The whole environment is quite interesting too: instead of going full fantasy, Grim Dawn seems to be centered in a not distant past, as you can use fire weapons — pistols, rifles and shotguns — along weapons you’d find in any other ARPG — crossbows, swords, daggers, clubs, maces — not to mention the gear, with some heavy armor floating around leather jackets and such.

Getting your feet wet

When you start Grim Dawn, you’ll see your last played character, an option to jump to the next one or, if you have none, you’ll get straight to the character creation screen, which is as spartan as it can get.

2013-12-31_00002

It was my first surprise: No class/profession selection? No customization at all? Just “name” and “male or female” options?

Actually, yes, that’s it. It seems Crate took everything that was not really necessary for an ARPG and went down to the very bare bones of an ARPG. It’s so down to the bones that there are only three attributes to use: Physique, for health and armor usage; Cunning for attack speed; and Spirit, for your mana bar and mana regen.

2013-12-31_00004

Speaking of mana regen, some time after attacking or being attacked, you’ll receive a fast health regen. I’m kinda divided about it: First, it gives you some chance to recover health without resorting to massive health potion chugging — although the potion itself have a cooldown and, fortunately, gives health at once instead of simply giving you “regeneration” — or some other gimmick like health orbs dropping from time to time, but, at the same time, the simple fact that you can simply start running around your enemy, without giving it the chance of attack you and without attacking, will give you a massive regeneration feels so… gimmicky.

Becoming one

Even if you start with a clean slate, at level 2 you can pick a class, which will dictate your skills and abilities. There are 4 classes you can take then, which can be easily related to the “usual” ARPG classes:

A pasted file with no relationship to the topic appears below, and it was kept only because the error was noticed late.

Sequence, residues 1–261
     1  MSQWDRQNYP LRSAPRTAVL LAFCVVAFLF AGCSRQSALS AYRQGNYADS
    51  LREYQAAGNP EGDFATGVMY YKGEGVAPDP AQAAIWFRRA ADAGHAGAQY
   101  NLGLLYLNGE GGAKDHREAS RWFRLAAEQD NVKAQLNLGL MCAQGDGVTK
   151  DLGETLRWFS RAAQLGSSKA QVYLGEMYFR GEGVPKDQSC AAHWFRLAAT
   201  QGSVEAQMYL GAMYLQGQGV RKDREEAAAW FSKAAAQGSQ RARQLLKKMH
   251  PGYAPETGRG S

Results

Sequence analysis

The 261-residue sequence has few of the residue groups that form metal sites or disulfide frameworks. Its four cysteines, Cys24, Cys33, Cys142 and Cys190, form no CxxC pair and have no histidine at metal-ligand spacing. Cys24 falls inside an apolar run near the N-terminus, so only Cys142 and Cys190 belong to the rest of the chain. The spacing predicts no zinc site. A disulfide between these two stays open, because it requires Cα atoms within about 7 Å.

The Soldier is, basically, the classic warrior:

2013-12-31_00005

The Demolitionist, although with a name like that, is basically the ranger/archer stereotype, without the pet and with a preference for fire weapons:

2013-12-31_00006

Occultists take the position the mage stereotype position in classic ARPGS:

2013-12-31_00007

And, finally, the Nightblade takes the assassin/rogue place:

2013-12-31_00008

I just need to stop here and point that there is nothing telling or even stopping you from using weird class/weapon combinations: You want to make a pistol solder? No problem, the game will not stop you from doing it so. The only barrier is that some skills — which I’ll show next — will require some specific weapons (for example, the soldier have a skill that requires a shield, the nightblade have skills that require dual wielding melee weapons and so on).

Going up

Once you pick your class, you’re presented your skill tree. And seriously, Grim Dawn rivals Path of the Exile in the “this will require some thinking” tree.

2013-12-31_00009

You have actually two intertwined trees: The basic one, at the bottom, indicates your class proficiency — the higher, the more skills are available to you, increasing your basic stats at the same time[2]. At every level, you gain only 3 points, which you must allocate in those two trees — which is the part that makes it something you may need to think ahead: You can make a very meek character with very strong skills or an incredible build character with weak skills.

2013-12-31_00010

Balancing the trees is, obviously, the way to go, but how do you balance it is the part you’ll have to look for a while before just clicking away.

Oh, and if you think that’s easy enough, at level 10 you get the chance of getting a secondary profession:

2013-12-31_00030

And the second tree is not at all tied to the first class: Adding points to the second tree will earn as many attributes as the early levels — so you’re gaining attributes for a level 2 character instead of a level 10 character, but you need to put those points to open skills!

Going above the baseline

There are upgrades, like any other ARPG. The difference here is that there are no slots in any piece of gear: Everything has the ability to carry an upgrade beyond those in the gear itself.

2013-12-31_00021

Once an item receives an upgrade, it can only be upgraded with the same piece — you can’t mix two different upgrading elements in the same piece of gear. On the other hand, “upgrading” an upgrade component will complete its set, which can grant better results — pretty much what would happen if you complete a set of gear in other ARPGs, but with upgrades.

Gear sets are also available, although in my play time I only found two pieces of one set.

2014-01-01_00001

Going around

As I mentioned before, because you have been infected by the aetherials, you can summon personal rifts at any time, although only one rift can be open at the same time. Beside those, you can also find stable rifts all around, filling the “waypoint”… erm… “stereotype”?

2013-12-31_00019

And, as I said, one you open a personal rift, you can go anywhere:

2013-12-31_00017